U.S. gives nod to Nigeria's new ruler
But pushes for timely democratic electionsJune 9, 1998
Web posted at: 11:02 p.m. EDT (0302 GMT)
WASHINGTON (CNN) -- The United States threw its support behind Nigeria's new leader Tuesday, while pressing him to keep his pledge to end military rule with democratic elections by October.
In his first national broadcast as successor to dictator Sani Abacha, who died Monday of an apparent heart attack, Gen. Abdusalam Abubakar said he was fully committed to completing a transition to democracy initiated by the late general. But he didn't say how he intended to proceed.
President Clinton's administration views Abubakar as better able than Abacha to champion a democratic transition, State Department spokesman James Rubin said.
Abacha's death thrust Nigeria deeper into political uncertainty. Abubakar, who was chief of defense staff, was sworn in Tuesday to replace him.
"We generally regard him as someone who's capable of taking this historic decision, and we very much want him to do so," Rubin said. The United States is Nigeria's biggest international trading partner.
A more moderate leader?
Asked if Abubakar was more "moderate" than Abacha, Rubin replied: "That will be determined by his decision, but we are hopeful in that regard."
Another U.S. official said that while Abubakar has been "receptive and positive towards us ... we don't know really how much (political) strength Abubakar has. We don't know how much latitude he has."
During a recent visit to Africa, Clinton avoided Nigeria to protest Abacha's regime. Hundreds of opposition leaders were imprisoned or executed during his five years in office.
Nigeria's main opposition group said it won't back Abubakar's appointment, and called for street protests on Friday.
But the United States was willing to give the new ruler a chance, saying he has a "historic opportunity to open the political process and institute a swift and credible transition to civilian democratic rule."
U.S.: Free political prisoners
Speaking at a news conference, Rubin said that would mean: freeing political prisoners; ensuring respect for basic freedoms of speech, press and assembly; and returning Nigeria's army to its "rightful position as a professional armed force committed to defending the constitution and civilian rule."
Rubin stressed the importance of an "open and level playing field" for all candidates who want to run in Nigeria's elections.
"We want this transition to make it possible for there to be a return to civilian democratic rule by October 1, 1998," he said.
Some observers argue that now is the time for the United States to pledge U.S. investment in exchange for democratic reform in Africa's most populous country.
"We should go there sort of with the carrot approach," advised Rep. Donald Payne, D-New Jersey. "Nigeria is at the crossroads. Africa is at the crossroads."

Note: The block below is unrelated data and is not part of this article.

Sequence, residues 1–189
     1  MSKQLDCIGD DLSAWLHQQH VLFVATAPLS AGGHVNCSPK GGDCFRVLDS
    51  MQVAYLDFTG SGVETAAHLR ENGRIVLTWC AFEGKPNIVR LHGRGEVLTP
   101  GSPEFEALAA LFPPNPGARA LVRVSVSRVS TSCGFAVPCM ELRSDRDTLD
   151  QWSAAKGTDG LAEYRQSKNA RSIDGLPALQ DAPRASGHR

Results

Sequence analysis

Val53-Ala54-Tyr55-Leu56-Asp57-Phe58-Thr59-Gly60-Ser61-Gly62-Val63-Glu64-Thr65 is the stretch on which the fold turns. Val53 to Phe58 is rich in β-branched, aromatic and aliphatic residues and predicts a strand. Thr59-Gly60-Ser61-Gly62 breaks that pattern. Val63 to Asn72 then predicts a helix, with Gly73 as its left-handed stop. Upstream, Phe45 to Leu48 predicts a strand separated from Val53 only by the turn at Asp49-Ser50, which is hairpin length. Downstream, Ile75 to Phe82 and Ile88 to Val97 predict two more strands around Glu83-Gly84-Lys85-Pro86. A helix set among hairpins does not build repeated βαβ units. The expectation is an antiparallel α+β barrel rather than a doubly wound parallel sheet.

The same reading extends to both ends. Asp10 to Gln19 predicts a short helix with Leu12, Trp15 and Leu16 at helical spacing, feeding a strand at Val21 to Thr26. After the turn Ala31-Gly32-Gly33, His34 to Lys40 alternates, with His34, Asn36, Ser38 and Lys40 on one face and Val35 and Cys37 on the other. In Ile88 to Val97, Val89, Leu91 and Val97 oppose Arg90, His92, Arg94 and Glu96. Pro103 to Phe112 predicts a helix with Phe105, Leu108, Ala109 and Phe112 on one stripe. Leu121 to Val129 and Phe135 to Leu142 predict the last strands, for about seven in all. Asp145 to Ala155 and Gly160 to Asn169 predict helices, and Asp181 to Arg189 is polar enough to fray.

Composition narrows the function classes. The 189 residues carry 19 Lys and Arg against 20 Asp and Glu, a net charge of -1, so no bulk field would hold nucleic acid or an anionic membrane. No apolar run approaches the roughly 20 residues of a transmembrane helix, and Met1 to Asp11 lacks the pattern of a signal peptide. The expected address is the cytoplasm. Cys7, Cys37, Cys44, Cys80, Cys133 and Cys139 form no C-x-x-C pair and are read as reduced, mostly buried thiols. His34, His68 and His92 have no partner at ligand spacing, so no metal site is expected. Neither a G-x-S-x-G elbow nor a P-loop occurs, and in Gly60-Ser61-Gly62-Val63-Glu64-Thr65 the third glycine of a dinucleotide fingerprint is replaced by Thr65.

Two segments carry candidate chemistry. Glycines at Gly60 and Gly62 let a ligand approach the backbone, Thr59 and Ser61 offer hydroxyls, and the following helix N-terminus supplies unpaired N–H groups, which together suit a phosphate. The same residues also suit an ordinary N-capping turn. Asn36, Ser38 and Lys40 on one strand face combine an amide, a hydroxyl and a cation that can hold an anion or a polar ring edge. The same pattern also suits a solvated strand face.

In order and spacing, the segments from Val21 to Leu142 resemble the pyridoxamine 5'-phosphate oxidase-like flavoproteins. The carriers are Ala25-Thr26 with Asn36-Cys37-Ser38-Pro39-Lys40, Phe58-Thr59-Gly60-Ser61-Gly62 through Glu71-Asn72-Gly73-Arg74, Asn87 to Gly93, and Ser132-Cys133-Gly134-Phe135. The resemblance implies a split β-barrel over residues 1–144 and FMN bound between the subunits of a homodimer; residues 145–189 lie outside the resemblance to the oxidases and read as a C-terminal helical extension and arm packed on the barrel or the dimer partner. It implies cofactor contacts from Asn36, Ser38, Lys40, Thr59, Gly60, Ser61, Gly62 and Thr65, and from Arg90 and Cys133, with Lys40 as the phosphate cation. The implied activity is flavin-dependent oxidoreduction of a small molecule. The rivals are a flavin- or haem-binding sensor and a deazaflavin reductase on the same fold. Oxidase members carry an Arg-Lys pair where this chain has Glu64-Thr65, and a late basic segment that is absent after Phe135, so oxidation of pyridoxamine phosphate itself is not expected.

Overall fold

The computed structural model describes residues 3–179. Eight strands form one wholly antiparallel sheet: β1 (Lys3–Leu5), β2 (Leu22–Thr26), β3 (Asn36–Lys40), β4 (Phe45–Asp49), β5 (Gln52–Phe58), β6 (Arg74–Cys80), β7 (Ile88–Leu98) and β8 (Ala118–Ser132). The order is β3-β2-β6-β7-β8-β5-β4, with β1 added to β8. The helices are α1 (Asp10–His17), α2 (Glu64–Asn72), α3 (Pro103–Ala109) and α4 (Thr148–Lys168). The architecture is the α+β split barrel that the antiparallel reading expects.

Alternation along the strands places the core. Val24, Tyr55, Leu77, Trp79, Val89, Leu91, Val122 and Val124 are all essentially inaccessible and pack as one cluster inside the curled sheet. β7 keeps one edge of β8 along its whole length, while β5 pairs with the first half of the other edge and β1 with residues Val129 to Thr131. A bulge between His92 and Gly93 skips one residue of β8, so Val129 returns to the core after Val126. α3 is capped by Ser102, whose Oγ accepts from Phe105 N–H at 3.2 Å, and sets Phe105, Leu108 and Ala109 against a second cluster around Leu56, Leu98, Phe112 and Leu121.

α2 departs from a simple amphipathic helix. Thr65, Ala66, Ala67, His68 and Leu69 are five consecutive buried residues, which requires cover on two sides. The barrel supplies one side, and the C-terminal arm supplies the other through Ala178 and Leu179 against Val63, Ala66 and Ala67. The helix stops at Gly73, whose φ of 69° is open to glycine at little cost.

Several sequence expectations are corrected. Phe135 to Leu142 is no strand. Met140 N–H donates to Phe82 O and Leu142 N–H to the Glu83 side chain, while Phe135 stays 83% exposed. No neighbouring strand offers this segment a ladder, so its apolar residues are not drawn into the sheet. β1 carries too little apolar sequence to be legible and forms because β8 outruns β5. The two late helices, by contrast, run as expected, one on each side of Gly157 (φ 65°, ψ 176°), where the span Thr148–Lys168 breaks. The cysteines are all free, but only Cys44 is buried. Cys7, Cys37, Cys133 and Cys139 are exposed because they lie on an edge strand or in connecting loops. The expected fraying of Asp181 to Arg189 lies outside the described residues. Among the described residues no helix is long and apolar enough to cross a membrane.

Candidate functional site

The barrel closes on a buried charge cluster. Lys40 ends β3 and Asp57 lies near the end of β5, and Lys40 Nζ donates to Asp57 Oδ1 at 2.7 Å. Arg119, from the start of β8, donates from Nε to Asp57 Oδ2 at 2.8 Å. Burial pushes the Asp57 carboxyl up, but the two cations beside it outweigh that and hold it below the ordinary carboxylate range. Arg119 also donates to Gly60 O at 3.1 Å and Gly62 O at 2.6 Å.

A bloody history
Nigeria has been ruled by a military government since December 31, 1983, with a succession of leaders taking the helm since its civil war, the bloodiest in African history.
Although the country is rich in minerals and vast oil reserves, political instability has prevented its 115 million people from prospering. The gross national product is only $271 per person.
"It's a major country. It has the potential to be the giant of Africa, far outstripping South Africa, if Nigeria can overcome its very endemic, long-standing political problems," said Adonis Hoffman of the World Policy Institute.
Nigerian army rulers have repeatedly promised, and repeatedly delayed, the restoration of democratic rule.
Abacha seized power in 1993 during the political turmoil that resulted when the military canceled a presidential election as votes were being counted.
The credibility of his promises to restore democracy evaporated in April when all five government-sanctioned parties nominated him as sole candidate for presidential elections scheduled for August 1.
The United States and other nations protested that such an election would be undemocratic.
A 'well-respected' soldier
Abubakar, a career soldier who has never held high political office, did not mention any August 1 election in his brief acceptance speech Tuesday.
Rubin called Abubakar a "well-respected professional soldier." According to other officials, he received some U.S. military training at Fort Leavenworth, Kansas.
"He hasn't come across as a guy who is power hungry, and he seems to take a genuine interest in the integrity of the military as well as broader questions of stability. Those are the main things that distinguish him," one official said.
The official added that Abubakar appears to be a "credible guy" who could mediate between different factions in the military.
However, this official acknowledged that there are still many unknowns -- among them how Abubakar, who was not the most apparent successor to Abacha, got the top job.
He said it was too early to know if Abubakar's ascendance may be a sign from military rulers that they want better relations with the United States and the West in general.
Questions about Abacha's death
Meanwhile, some U.S. officials said they questioned Nigerian authorities' statement that Abacha died of natural causes.
"The honest answer is, we can't confirm the cause of death ... We've heard rumors he died of other than natural causes but we can't confirm them," one official said.
So far, the United States has had no official contact with Abubakar, but is considering reviving a diplomatic mission to Lagos, Rubin said. The mission was called off earlier this month, because the Nigerian government said it would receive the diplomats only if Washington lifted some visa restrictions.
Undersecretary of State Thomas Pickering was to have led the mission, with a mandate to promote a return to democracy and civilian rule in Nigeria.
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